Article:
Doctor insights on:
Does Frostbite Permanently Discolor The Skin
It may discolor skin: Frostbite, like burns, comes in degrees. A simple first degree may not have any lingering effect, but the deeper degrees can cause a permanent discoloration of the skin due to underlying tissue necrosis. Not only is the dermis damaged, but also the nerves around blood vessels may be damaged, meaning that the vessels do not respond to temperature changes normally and that can cause color changes. ...Read more
Frostbite: Turns black for deeper more severe injuries. Mild frostbite may not show any change but feel different or numb. Redness or blistering represents more injury. Even Deeper frostbite runs black at least 48 hours after injury. It may blister first and then turn black. With a black area, debridement may be needed but often waiting 1-3 months unless infected is recommended to decide/ amputation needed ...Read more
Clean and dry: Small areas of frostbite are considered to "auto amputate" meaning the dead portion of skin will fall off when healing has occurred beneath it. If the area starts to weep or develops an odor, you need a consultation immediately. If you're asking about long-term, there will be permanent changes in the sensitivity and vulnerability of the skin. ...Read more
Frostbite: More a function of exposure time. 1. Cold Skin (fingers, toes, nose. Ears) followed by numbness, Change in skin color to grey or blue). ...Read more
JackFrostNippin'Away: Well that's the common idea but actually it doesn't have to freeze, just get cold enough for long enough that the blood vessels constrict and shut down oxygen to the skin cells, which then get even colder and then probably freeze and if not that get pretty darned dysfunctional. The first part is usually called "frost nip" which can then quickly turn into frost bite, often if it's so cold you're numb ...Read more
Frostbite: Possibly.Get a more detailed answer ›
Yes: Frostbite can occur w/ exposure to very cold temperatures (esp. W/ wind) and snow in as little as 3-5 minutes... Your question is somewhat confusing, however, w/ your reference to isolated snow exposure. See your physician immediately or go to er if you think you are suffering from frostbite. .. ...Read more
Itching, pain...: ...And then the skin develops white, red, and yellow patches and becomes numb. In more severe cases blisters develop 1–2 days later, then become hard and blackened (but usually appear worse than they are). If the area freezes further, deep frostbite occurs, causing damage to muscles, tendons, blood vessels, and nerves. That is a serious situation, sometimes resulting in loss of fingers or toes. ...Read more
YES: Very cold ice packs can freeze the underlyng skin if left on too long. Most times 7-10 minutes is long enough to get the desired effect. (decrease the swelling). ...Read more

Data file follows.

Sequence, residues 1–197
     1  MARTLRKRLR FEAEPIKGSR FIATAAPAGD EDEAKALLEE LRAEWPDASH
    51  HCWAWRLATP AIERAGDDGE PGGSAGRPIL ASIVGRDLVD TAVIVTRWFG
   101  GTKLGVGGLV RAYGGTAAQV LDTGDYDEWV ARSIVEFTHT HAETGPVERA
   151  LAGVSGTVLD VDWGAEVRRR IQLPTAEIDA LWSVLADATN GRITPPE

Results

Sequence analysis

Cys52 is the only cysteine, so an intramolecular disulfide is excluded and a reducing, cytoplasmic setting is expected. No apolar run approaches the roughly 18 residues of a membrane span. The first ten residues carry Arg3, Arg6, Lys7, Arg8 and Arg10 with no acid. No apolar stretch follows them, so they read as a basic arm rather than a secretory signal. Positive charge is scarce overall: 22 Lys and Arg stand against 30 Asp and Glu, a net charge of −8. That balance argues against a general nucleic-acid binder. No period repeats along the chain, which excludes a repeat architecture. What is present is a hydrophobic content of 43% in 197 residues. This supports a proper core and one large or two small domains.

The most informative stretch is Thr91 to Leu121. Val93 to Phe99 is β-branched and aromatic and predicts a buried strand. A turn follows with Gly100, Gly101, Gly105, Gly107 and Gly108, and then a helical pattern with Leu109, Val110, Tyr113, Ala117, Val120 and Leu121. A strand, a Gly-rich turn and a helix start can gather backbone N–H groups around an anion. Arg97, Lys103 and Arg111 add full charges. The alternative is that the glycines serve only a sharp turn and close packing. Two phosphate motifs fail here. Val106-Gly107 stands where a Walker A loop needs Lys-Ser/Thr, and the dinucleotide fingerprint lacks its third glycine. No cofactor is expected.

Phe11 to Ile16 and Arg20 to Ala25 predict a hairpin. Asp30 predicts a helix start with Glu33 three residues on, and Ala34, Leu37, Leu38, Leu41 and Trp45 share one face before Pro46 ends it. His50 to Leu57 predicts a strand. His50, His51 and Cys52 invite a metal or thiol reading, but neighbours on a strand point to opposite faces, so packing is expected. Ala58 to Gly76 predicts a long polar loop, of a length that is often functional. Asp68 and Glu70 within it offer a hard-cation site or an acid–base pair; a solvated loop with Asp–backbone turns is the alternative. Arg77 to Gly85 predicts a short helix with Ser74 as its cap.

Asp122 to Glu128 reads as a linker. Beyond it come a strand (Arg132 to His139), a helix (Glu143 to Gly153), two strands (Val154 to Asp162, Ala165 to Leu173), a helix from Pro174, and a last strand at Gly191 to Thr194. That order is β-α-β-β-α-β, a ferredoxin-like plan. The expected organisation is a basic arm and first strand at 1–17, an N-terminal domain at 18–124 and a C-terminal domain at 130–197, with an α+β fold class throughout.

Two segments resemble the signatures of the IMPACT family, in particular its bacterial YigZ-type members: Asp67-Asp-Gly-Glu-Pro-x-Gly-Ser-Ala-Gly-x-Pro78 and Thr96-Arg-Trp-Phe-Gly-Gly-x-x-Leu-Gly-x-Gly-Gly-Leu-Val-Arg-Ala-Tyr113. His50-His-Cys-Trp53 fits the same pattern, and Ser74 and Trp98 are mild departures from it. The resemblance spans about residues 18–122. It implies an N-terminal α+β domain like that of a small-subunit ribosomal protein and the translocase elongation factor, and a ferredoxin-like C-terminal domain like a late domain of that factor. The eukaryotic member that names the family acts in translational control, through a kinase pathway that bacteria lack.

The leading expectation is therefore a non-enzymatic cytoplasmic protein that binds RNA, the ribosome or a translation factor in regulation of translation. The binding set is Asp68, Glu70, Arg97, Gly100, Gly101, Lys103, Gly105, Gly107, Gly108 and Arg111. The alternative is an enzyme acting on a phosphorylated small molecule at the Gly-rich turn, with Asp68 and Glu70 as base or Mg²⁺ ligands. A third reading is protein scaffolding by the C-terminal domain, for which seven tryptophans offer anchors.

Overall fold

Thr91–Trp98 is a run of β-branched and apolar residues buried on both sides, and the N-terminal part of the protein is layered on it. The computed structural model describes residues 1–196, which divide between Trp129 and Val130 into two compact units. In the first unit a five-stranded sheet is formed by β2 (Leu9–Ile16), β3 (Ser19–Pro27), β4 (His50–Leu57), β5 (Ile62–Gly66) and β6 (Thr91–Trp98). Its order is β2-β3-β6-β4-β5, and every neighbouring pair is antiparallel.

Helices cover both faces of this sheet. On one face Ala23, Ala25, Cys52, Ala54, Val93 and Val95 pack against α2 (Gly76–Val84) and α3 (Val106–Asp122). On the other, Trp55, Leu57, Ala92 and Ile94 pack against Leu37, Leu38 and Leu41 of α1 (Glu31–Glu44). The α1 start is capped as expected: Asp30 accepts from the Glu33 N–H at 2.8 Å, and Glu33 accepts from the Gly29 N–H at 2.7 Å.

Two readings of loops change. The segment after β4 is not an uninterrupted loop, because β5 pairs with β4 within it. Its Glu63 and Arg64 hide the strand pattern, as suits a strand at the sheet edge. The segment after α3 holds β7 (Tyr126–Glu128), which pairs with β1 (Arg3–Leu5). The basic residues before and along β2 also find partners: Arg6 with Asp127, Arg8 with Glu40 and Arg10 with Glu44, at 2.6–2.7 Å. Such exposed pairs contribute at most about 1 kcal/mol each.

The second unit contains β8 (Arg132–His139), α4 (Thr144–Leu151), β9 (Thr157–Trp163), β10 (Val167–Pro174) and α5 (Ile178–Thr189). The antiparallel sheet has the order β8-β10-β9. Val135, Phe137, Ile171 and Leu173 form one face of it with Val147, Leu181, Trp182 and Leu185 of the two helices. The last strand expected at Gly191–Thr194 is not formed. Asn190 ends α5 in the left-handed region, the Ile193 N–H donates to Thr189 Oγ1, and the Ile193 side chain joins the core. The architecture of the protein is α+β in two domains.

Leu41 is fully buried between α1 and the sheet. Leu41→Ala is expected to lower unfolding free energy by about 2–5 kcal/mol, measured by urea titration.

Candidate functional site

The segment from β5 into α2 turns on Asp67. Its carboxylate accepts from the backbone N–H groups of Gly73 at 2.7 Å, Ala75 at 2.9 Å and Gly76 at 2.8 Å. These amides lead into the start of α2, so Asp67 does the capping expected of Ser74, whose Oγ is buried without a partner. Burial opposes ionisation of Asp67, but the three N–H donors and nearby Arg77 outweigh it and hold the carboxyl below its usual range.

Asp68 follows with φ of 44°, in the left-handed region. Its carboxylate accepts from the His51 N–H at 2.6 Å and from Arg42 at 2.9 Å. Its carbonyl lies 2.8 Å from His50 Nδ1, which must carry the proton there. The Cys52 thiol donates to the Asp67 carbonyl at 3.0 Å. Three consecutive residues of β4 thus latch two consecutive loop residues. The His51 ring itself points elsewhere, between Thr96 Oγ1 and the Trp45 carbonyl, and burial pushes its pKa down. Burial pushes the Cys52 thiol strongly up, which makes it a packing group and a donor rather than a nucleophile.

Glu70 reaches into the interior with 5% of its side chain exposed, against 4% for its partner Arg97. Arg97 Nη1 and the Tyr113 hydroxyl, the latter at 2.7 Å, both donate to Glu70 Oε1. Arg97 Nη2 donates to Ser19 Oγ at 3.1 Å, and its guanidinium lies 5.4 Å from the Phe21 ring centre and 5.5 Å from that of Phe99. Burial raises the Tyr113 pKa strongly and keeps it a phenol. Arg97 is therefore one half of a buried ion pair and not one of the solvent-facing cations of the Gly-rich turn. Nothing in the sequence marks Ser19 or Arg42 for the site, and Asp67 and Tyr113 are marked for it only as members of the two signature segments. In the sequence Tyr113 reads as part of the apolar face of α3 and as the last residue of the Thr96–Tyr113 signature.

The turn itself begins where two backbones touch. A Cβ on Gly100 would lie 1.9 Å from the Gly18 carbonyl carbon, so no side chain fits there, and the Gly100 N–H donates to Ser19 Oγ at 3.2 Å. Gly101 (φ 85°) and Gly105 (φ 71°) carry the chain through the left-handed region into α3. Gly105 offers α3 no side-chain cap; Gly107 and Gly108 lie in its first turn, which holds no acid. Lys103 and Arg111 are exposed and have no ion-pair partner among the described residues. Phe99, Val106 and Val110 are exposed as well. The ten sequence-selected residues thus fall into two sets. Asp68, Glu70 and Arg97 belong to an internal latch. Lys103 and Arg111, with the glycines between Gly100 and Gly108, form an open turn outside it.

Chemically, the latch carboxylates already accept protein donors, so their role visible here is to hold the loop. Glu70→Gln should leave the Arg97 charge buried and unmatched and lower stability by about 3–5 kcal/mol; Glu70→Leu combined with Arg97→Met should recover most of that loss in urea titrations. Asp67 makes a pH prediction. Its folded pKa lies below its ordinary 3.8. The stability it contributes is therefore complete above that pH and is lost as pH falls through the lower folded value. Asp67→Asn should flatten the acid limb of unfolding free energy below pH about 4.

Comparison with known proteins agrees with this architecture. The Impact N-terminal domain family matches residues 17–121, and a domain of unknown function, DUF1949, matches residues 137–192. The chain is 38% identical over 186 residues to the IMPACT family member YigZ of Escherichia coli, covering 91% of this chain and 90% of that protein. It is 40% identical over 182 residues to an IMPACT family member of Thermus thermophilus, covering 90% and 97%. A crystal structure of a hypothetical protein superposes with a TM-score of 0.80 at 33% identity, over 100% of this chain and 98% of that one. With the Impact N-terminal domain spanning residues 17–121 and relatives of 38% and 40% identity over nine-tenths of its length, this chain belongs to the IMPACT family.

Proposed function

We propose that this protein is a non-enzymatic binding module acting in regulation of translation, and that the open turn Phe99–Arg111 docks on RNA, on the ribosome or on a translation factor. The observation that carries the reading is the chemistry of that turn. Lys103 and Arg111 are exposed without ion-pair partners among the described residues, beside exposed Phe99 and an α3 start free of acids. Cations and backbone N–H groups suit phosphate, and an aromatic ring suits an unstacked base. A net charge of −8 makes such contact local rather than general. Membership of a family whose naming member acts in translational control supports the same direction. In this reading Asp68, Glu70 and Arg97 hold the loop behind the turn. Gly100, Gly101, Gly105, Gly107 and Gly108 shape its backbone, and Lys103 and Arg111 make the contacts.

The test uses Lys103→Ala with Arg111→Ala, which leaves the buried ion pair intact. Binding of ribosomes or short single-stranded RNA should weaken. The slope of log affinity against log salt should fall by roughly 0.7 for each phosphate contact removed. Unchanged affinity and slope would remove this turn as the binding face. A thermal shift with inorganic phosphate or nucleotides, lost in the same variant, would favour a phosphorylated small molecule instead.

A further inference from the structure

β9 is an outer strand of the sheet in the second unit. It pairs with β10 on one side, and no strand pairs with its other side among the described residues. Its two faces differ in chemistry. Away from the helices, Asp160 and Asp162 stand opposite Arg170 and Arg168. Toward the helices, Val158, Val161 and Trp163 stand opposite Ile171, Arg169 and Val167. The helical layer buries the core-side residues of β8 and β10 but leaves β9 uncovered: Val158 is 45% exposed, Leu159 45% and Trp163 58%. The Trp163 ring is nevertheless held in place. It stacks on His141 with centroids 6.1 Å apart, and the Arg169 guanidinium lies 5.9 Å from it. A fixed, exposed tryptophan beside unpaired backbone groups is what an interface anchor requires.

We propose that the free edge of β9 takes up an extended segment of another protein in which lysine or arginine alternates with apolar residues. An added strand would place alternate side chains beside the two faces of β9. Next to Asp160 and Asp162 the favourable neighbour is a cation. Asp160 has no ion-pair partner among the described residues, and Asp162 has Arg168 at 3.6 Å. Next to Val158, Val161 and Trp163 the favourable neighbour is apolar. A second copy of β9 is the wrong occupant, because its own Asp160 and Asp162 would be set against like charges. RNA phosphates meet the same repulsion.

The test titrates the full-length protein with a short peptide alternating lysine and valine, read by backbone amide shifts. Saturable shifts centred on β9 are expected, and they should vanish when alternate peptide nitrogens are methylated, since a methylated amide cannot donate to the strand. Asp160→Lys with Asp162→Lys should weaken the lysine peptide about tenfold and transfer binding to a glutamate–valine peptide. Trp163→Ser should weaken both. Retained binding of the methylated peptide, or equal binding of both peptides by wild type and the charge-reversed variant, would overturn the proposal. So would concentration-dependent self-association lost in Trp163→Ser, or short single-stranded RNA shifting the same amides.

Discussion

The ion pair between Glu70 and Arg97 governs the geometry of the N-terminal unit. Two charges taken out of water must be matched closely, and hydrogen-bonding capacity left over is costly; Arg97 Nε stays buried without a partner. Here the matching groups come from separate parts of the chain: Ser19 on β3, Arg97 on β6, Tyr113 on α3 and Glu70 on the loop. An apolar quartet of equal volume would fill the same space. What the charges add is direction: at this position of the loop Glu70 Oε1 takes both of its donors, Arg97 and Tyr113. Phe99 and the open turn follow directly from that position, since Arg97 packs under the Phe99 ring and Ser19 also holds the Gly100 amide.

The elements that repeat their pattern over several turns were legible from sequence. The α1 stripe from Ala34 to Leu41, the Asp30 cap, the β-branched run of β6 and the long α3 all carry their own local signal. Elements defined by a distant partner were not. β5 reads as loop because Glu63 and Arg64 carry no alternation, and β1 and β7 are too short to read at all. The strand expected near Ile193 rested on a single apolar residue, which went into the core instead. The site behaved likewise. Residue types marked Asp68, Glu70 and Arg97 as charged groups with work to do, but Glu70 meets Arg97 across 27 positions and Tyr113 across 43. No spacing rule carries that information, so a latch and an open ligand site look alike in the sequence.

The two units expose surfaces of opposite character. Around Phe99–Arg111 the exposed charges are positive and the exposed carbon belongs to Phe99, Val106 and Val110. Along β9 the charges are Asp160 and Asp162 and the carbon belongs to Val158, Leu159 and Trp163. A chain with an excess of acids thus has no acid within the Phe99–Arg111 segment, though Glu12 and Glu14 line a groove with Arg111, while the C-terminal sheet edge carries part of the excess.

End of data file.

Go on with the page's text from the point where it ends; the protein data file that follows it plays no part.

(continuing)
The area looks practically normal but the edges are sore and the skin in the center is numb. Is this a kind of mild frostbite?
Frostbite can have: Blister or red or can turn black. In all it is a thermal injury much like a burn with tissue destruction and the deeper the extent of the frostbite, the deeper the injury (much like a burn) the more destruction there is. Swelling and reddened skin is rather mild, followed by blistering, and then on to loss of circuation at deeper and deeper levels. If u have a mild case do not re-expose to cold ...Read more
Is pain and tissue damage from frostbite in foot permanent if skin never blistered or turned black? It's been hard to walk for about 3 weeks though.
Maybe, maybe not.: Sensory problems after frostbite can be permanent, but it depends on the degree of frostbite and the treatment. Please see an expert in cold injuries, a foot specialist (ortho or podiatrist) to see if any further evaluation and treatment it needed. Some people who still have symptoms at 4 months, have a good chance of having permanent changes. But it varies, others can improve over time. ...Read more
Do I have frostbite, frostnip, or wind burn. Please help? After 18 hours, I got a thin layer of dry skin pealing, but no redness or loss of sensitivit
Friend went snowboarding in sub zero temp, got blistering and swelling on top behind his ear. Head was completely covered. Frostbite? Irritation?
During induced hypothermia with ice packs for patients like with MI, how do they not suffer from frost bite due to the direct cold on their skin?
Its harsh winter here in kashmir and I have got severe frost bite over my toes. They are swelled & got red. Itchy & peeled off skin while scrubbing.
Started out as "dead skin" on heel, thought it was frostnip from cold, didn't hurt. Months later still there. Little "holes" peeling. Walking hurts.
Unlikely: At or below 32 °f, blood vessels close to the skin constrict. Prolonged lack of blood eventually leads to freezing and death of skin. "frostnip" or first degree frostbite only affects the surface of the skin. If freezing continues, second degree frostbite can occur. However, it is unlikely that one would continue holding a popsicle long enough for any real damage to occur. (one would hope!). ...Read more
Exposure how long?: It is a factor of temperature and duration of exposure. 10 below 0 for a few minutes and you could be in trouble. If it is 28 degrees you could be out for some time without worrying. ...Read more
Severe pain.: The fingertips turn black and fall off. ...Read more
Yes: Cold exposure that's severe enough to cause frostbite can also cause hypothermia. When your body temperature drops, your heart, nervous system and other organs don't work correctly. Left untreated, hypothermia eventually leads to complete failure of your heart and respiratory system and to death. ...Read more
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